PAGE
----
Creating an export strategy can help drive a company’s growth

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There has been a lot of talk about the weakening dollar in the media lately.

One of the side benefits of a weak dollar is that U.S. goods and services are more affordable in foreign markets. In fact, the U.S. trade deficit has shrunk during recent years in part because of a weaker dollar.

Does this mean middle market companies should be considering an export strategy of their own?

The answer, not surprisingly, is: it depends. There are many reasons to consider an export strategy. However, if the only reason is to take advantage of a weaker dollar, then the answer is “no.” A strategy based only on the ebb and flow of U.S. currency is not on solid footing and will likely fail.

“The main reason to expand your business internationally is to expand your company’s potential customer base in order to expand sales and ultimately profits,” said Greg Snyder, president and CEO of Incognito Marketing. “It is no different than growing from regional to national. International is simply the next step.”

The major difference in going from a domestic growth strategy to an international growth strategy is the introduction of language and cultural differences and barriers.

“It is important to have someone advising you who knows the end-customer and the culture of the end-customer,” said Barry Capoot, CFO of Diamond Wire Technology. “For example, cultural differences can really impact how a customer chooses to pay.”

Diamond Wire Technology has been exporting for decades, and more than 80 percent of its business comes from international customers. To mitigate the currency risk, the company bills all its customers in U.S. dollars.

Snyder identified eight key steps in creating an export strategy.

1. Start by getting your story straight including facts and benefits that are important to the end user — “What’s in it for them?”

2. Research markets to identify the country which presents the best opportunity. The Federal Department of Commerce in Denver is a valuable resource. It can conduct a global market potential search based on your criteria. The agency also can introduce you to people in a specific country such as local U.S. embassies that have feet on the street and know who is trustworthy and who is not.

3. Be ready to tell your story in the language and culture of a specific country. Simply translating the words is not enough. You need to make sure the style, colors, graphics and approach of your marketing materials are acceptable and desirable to the specific audience.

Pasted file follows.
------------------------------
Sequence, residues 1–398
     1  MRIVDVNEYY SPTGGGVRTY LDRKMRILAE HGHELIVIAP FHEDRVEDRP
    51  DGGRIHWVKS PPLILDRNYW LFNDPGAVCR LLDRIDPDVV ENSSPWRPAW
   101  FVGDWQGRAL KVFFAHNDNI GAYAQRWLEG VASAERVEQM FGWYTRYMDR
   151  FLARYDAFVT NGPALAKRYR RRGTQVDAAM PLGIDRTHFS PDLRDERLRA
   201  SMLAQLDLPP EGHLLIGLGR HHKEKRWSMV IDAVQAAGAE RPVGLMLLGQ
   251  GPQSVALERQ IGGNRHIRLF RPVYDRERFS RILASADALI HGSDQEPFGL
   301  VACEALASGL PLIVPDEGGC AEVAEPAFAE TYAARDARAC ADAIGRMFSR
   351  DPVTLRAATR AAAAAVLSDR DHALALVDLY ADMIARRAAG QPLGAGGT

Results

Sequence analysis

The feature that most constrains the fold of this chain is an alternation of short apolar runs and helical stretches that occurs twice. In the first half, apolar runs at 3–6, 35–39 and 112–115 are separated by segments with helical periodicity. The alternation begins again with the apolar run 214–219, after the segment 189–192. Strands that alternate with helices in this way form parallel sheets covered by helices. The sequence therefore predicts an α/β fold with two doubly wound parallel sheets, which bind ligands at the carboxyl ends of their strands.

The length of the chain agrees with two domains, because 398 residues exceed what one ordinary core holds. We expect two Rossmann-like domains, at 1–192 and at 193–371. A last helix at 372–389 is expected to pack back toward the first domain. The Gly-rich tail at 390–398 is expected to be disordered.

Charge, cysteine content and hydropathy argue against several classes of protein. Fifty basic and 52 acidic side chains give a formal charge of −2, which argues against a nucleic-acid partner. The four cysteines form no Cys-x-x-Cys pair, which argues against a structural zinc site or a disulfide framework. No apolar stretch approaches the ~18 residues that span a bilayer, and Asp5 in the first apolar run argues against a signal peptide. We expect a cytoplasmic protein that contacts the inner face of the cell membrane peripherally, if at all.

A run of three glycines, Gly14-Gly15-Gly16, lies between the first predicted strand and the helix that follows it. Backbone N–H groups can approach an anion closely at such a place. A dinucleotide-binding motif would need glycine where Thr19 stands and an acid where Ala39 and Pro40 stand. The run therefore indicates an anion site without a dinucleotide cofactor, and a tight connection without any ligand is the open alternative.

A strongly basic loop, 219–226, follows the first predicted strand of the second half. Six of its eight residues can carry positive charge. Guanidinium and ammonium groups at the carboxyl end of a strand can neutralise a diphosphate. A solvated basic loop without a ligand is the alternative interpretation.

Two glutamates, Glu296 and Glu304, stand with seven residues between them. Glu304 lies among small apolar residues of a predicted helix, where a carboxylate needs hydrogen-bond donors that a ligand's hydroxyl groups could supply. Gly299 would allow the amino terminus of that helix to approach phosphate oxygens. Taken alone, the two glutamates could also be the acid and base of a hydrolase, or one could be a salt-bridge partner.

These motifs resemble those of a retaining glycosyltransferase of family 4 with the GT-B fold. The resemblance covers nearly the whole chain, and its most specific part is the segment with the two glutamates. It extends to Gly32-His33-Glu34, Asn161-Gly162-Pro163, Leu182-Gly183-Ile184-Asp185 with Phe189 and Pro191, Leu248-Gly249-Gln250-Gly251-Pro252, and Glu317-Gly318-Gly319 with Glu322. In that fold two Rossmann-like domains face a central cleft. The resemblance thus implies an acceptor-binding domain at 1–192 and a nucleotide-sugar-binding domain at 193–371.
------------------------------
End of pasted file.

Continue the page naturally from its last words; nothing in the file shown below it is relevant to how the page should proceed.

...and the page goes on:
4. Publish a Web site in the local language.

5. Create and distribute marketing materials appropriate to the country

6. Establish a way to close the deal and make a sale in the country’s native language. This requires 24-7 coverage in another language. Managing the sales process in a different language can be challenging and might be better handled in country, but that requires building a local infrastructure.

“It is critical to decide how you want to penetrate the market — through indirect sales or direct sales,” said Roy Becker, president of Roy Becker Seminars and an international banking consultant.

An indirect route is done by outsourcing an export management company. These companies act as a business’ export department and provide turn-key services.

“No experience is required and you get up and running faster with little financial commitment as most work on commission. The risk is losing control of the process and the export management company may not market your products as aggressively as you would like,” Becker said.

Conversely, a direct strategy means you set up all your own overseas distribution. This requires a greater investment can take longer to establish a market, but the higher risk provides the reward of complete control and rapid direct feedback from the market.

Either strategy can work, but you need to pick one per market. You might choose to go direct in Germany and indirect in India.

7. Take care of all the legal items such as contracts, letters of credit and payment terms. Seek the services of an international banker early in the process to provide advice about the money side of exports and how to mitigate risk. An international banker can help make sure the contracts you sign will ensure you get paid as expected.

8. Work out logistics of shipping and distributing the product down to the smallest detail.

Creating an export strategy and effectively penetrating a new international market is not a small financial undertaking. It can take up to a year or more before things start working. Snyder recommends conducting a test of the market before diving in completely.

“It is wise to do a test on a small scale,” he said. “Why not set up a one or two page Web site and see if anyone bites.”

Basic business laws apply when considering an export strategy. You need to be able to make more money than you are spending. Don’t get caught up in the emotional appeal because it can be very costly.

Ann Snortland, principal of Snortland Communications, is the spokeswoman for the Peak Venture Group Middle-Market Entrepreneurs. She can be reached at ann@snortcomm.com.